The prime minister's, and his government's, responses to veterans will echo well after the upcoming election campaign.
In December 2017, then-veterans affairs minister Seamus O'Regan announced the government's plans for a lifelong pension for Armed Forces veterans. But those moves ring hollow when Ottawa has racked up a pretty taxpayer legal bill using crafty legal manoeuvres against veterans like Sean Bruyea, writes Perry Gray. The Hill Times photograph by Andrew Meade
It was a Liberal campaign promise that has been broken repeatedly: to not fight veterans in court. Yet that is exactly what the Trudeau government has done.
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'Our relationship with police has been one of violence, from the colonial nature of everything that has happened in Canada,' says Judith Sayers, president of the Nuu-chah-nulth Tribal Council in Port Alberni, B.C.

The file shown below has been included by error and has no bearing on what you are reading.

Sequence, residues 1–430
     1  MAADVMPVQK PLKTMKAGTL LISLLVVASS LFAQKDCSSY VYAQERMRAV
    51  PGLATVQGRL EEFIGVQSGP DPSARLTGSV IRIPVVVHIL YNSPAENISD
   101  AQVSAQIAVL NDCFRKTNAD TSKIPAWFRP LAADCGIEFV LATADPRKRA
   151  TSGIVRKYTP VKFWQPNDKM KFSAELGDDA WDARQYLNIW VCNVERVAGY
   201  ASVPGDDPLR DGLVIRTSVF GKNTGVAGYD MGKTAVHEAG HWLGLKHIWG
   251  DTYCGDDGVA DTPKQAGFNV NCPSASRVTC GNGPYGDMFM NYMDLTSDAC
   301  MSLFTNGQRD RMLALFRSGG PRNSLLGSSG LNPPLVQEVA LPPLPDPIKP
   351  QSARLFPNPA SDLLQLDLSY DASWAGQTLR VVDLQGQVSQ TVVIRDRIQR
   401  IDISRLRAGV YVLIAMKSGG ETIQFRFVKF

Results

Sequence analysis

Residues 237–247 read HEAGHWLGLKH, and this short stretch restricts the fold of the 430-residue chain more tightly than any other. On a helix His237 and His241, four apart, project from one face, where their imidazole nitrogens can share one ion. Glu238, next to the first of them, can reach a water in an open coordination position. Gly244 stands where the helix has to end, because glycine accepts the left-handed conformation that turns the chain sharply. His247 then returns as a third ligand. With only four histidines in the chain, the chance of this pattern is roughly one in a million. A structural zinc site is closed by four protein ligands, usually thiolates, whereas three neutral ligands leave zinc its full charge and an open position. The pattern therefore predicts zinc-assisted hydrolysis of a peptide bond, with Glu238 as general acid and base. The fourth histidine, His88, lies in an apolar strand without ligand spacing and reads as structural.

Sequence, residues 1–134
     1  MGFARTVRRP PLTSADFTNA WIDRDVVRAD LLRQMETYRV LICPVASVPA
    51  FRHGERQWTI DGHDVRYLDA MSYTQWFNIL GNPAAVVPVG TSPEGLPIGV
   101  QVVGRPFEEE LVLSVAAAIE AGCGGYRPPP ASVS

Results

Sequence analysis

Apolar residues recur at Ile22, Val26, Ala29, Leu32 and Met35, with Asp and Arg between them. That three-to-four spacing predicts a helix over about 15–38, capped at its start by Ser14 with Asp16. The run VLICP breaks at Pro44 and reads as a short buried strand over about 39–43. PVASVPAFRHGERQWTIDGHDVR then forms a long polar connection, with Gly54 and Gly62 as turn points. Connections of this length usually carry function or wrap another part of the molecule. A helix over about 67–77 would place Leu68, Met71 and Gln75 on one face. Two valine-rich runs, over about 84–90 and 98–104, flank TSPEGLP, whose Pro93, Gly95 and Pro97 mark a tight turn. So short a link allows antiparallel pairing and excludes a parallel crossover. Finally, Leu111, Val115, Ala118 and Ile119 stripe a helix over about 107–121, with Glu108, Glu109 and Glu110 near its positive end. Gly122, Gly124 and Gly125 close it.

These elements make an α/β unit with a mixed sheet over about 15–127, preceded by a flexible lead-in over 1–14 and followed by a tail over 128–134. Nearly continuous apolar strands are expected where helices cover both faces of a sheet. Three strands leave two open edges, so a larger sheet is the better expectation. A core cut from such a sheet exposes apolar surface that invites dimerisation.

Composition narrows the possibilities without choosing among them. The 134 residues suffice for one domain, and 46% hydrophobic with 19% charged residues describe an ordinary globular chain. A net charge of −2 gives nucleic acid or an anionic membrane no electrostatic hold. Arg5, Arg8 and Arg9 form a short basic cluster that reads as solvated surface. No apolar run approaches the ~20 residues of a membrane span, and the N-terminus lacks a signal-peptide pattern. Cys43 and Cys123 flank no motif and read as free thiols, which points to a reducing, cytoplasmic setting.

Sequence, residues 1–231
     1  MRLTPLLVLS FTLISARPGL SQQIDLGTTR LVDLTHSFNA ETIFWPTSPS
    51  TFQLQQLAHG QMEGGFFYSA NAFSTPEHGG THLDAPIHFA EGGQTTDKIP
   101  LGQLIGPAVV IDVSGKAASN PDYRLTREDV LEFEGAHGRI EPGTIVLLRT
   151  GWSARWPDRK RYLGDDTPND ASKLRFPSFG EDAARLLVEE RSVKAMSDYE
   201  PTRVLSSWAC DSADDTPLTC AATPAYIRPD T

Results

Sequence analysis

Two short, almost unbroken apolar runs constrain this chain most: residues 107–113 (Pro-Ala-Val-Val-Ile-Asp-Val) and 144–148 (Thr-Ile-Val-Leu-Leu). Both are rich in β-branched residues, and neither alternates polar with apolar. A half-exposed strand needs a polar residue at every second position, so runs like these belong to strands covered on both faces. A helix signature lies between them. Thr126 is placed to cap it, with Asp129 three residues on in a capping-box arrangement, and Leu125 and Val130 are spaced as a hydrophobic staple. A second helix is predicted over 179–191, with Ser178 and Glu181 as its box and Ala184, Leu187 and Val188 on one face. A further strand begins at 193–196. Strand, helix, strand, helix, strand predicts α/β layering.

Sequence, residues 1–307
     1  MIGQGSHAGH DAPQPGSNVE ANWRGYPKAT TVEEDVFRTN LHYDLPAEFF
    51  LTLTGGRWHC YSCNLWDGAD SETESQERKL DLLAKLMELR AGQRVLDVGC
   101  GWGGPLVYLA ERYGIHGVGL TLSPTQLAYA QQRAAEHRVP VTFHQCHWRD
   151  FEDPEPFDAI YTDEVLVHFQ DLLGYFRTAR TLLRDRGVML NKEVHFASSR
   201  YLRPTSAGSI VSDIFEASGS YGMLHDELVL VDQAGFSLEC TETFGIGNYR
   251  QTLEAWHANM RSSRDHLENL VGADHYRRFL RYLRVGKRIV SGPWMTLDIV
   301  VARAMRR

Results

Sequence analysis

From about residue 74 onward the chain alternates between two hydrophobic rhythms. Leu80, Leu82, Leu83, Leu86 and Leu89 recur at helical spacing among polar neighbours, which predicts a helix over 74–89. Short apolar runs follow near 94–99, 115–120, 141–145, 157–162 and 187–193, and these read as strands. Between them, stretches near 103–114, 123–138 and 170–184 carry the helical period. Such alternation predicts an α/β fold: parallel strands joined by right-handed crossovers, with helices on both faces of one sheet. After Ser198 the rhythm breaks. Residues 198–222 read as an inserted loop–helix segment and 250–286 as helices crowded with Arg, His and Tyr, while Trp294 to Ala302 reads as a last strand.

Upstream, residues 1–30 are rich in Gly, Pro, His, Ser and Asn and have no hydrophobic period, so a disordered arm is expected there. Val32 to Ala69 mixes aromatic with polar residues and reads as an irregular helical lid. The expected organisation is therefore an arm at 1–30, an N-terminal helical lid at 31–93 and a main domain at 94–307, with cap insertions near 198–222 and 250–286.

'I get we're in a pandemic, and I'm very supportive of using the technology, but until I know that it respects the basic rights and has the highest standards, I can't see that it's going to work,' said MP Charlie Angus.
'At least at this stage, it's better to work the backrooms, work the players that have some influence with the White House, and try to ensure that such a threat doesn't become a reality,' says Canada-U.S. group co-chair.
'We do not celebrate the existence of this country in the same way other people do, because we think that the existence of this country came at a price to our ancestors and to us,' says Senator Murray Sinclair.
'Peter MacKay has a proven track record of uniting Conservatives, and that's precisely what he's doing in the leadership campaign. And that's what he'll do if he's elected as leader,' says Conservative MP Michael Cooper.